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Ask Dr. Michael Salkin Your Own Question
Dr. Michael Salkin
Dr. Michael Salkin, Veterinarian
Category: Cat Veterinary
Satisfied Customers: 30398
Experience:  University of California at Davis graduate veterinarian with 45 years of experience.
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I work at a shelter and we are having issues with our

Customer Question

I work at a shelter and we are having issues with our kittens. These are the symptoms: lethargy, weight loss, diarrhea, anemia, eventually organ failure. The strange thing is that they all had scabby flakes at the top of their head that were painful to
get out. Two of the kittens died and the third one has just started showing symptoms. They were given panacur.
Submitted: 2 years ago.
Category: Cat Veterinary
Expert:  Dr. Michael Salkin replied 2 years ago.

I'm sorry that your question wasn't answered in a timely manner. As severe as those symptoms were, they're not pathognomonic (specifically indicative) of any one disorder. Can you tell me, please, if the kittens were tested for feline leukemia (FeLV) and kitty AIDS (FIV)? How quickly did the kittens die from the time they were first symptomatic? Were respiratory symptoms ever witnessed?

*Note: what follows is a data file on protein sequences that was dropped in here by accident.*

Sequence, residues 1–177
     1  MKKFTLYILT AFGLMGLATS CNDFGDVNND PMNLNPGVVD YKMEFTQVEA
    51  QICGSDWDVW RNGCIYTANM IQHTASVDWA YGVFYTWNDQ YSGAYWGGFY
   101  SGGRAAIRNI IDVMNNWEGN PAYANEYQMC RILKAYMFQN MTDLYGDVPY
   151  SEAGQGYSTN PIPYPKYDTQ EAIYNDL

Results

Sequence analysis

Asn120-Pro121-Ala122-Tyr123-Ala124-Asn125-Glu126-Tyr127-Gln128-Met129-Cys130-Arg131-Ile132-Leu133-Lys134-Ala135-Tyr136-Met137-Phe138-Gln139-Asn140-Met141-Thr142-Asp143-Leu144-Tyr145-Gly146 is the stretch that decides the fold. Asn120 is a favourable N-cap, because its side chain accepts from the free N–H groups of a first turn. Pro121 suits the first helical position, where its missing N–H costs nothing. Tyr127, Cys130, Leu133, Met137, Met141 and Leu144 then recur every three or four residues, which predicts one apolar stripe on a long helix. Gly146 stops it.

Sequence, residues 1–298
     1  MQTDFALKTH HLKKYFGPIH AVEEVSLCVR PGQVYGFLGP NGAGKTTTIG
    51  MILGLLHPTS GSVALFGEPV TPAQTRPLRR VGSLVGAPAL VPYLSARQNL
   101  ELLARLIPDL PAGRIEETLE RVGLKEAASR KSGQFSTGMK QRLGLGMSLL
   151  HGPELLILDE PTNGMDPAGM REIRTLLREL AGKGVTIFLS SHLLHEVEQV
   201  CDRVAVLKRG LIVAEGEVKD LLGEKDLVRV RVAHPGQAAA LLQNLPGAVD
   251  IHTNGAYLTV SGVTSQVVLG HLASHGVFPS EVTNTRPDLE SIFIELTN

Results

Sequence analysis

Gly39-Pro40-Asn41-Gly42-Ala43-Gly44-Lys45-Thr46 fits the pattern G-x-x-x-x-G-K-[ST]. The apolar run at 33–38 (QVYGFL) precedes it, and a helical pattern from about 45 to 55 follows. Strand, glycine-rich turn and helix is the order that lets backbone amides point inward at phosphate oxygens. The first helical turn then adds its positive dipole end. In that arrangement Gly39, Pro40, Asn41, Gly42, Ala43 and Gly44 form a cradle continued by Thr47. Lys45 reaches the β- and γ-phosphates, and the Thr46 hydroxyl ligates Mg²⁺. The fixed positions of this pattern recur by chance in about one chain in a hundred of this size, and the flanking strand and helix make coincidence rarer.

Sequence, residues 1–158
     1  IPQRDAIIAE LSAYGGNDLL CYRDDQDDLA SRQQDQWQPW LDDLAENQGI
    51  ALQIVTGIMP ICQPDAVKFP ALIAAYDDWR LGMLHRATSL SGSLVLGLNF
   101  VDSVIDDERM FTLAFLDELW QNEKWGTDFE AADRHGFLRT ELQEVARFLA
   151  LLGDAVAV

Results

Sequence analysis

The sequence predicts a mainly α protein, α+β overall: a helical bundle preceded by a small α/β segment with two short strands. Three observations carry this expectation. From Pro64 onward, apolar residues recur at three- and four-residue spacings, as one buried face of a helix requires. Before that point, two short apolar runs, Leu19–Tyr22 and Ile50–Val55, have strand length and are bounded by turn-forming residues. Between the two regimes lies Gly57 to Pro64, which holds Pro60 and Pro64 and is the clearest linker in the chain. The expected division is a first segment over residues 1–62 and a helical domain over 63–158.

My systemic disease differential diagnosis list would include parvovirus (feline distemper), coliform bacteria (E. coli, e.g.), hookworms and roundworms, FelV, FIV, FIP, Toxoplasma, and both gram-positive bacteria (Strep, Staph) and gram-negative bacteria (Salmonella, e.g.). The feline herpesvirus (FHV-1) should be considered if respiratory signs were seen. I'm not sure what the skin changes implied although secondary cutaneous staph infection is common in debilitated patients.

Customer: replied 2 years ago.
The kittens were 7 and 8 weeks when they died. The sick one now is 4 weeks. They were not tested for anything but this one definitely had roundworms. That was the reason for he got panacur. Could worms cause severe anemia?
Expert:  Dr. Michael Salkin replied 2 years ago.

Hookworms are well-known to cause anemia. Roundworms would have to debilitate my patient to the extent that nutrition was severely impaired in order to result in anemia. The most common causes of life-threatening anemia in kittens is a flea infestation anemia and the feline leukemia virus. Please continue our conversation if you wish.